Take 100 patients who are candidates for colorectal screening. We know that a group of them will try to avoid the procedure or postpone it for as long as possible. Evidence of this, for example, would be rescheduling appointments multiple times to later dates.
We also know that among this 100 is another group of people who need a colonoscopy more than others. A family history of cancerous polyps is a good indicator, for example.
Find where these two groups overlap, focus more staff time on prodding those patients to at least do a Cologuard home screening as a first step – and you have a simplified example of how predictive analytics can improve population health and cut patient healthcare expenditures without adding to provider costs.
That, in essence, is what it means to deliver value for all concerned.
What are predictive analytics?
Basically, it’s the ability to look at data sets and learn where to expect problems within given patient populations you manage. Selected data can help guide where you can act and positively change outcomes. Done right, predictive analytics can keep patients healthier longer, help them avoid expensive medical care, and identify cost drivers – and ways you can better control costs.
Before predictive analytics, we tended to react after something happened. Here’s an example: a patient with hypertension and diabetes. We know that, over time, this patient will have heart disease. You could write prescriptions and watch for symptoms, but otherwise wait until the onset of heart disease before intervening.
Why do this within an information vacuum? Ask if this patient is refilling prescriptions regularly. Taking medicine at the right times, in the right dosages.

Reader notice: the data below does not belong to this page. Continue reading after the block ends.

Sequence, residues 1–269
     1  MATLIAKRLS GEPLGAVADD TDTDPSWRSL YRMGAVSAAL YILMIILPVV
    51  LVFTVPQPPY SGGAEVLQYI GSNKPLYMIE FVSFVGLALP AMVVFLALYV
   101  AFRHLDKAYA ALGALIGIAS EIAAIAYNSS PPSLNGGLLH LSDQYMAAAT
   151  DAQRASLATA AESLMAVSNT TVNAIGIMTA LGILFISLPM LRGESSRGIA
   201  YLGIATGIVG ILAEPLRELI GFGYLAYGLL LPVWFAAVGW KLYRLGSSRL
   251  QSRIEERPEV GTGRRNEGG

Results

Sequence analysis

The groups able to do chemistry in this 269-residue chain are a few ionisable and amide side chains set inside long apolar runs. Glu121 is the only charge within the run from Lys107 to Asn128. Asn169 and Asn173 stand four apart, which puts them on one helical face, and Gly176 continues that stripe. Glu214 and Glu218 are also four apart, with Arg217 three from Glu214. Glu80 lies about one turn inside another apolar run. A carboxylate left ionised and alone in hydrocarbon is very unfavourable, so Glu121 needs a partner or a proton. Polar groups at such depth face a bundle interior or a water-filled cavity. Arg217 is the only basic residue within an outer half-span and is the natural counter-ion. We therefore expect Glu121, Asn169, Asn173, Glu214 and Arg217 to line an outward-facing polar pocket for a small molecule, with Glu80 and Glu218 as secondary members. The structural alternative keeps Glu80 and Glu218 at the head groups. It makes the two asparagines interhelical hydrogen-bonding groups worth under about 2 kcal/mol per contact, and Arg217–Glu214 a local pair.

How much do you know about this patient’s lifestyle? Familial support? Financial situation? How might all this then impact the patient’s self-care to prevent heart disease?
Determining what’s appropriate
Predictive analytics can ascertain how often such circumstances can be expected and in what subpopulations within this group. They can point to other areas of concern. They can guide us to ask further, appropriate questions, reach appropriate conclusions, and provide appropriate care at the appropriate time at the appropriate facility.
The potential is great. We can make patient population management more effective with the least amount of adverse effects going forward.
Practices adopting this approach can lead the way in bending the cost of healthcare downward. This creates a marketplace and opportunity to separate from competitors.
Already, we have some evidence of success. Take the colonoscopy example. For our Medicare population, we have increased the percentage of those up to date on their colorectal screenings to 73 percent, up from 65 percent just a few years ago.
This was accomplished without having to add more staff to our outreach teams. We used improved technology to uncover which patients require extra attention to get them to act and integrated it with existing resources.
Meanwhile, data collection and analysis continue to be driving forces in the tech industry. Improvements in predictive analysis will be coming – and at a faster pace. Already, there are approaches available that utilize artificial intelligence and machine learning. In many ways, all this is mindboggling.
We are not there yet as far as selecting the latest high-tech tools, but the prospects are exciting to contemplate. New and improved predictive analytics are in our future.
Amidst all of this, we must remember predictive analytics are informed calculations to help us manage patient populations. Still more important – indeed, most important – is the one-on-one relationship providers have with each patient.
“Population heath” cannot occur without these relationships. Without the provider-patient bond, data that drive predictive analytics cannot be accumulated, and the benefits cannot be realized.
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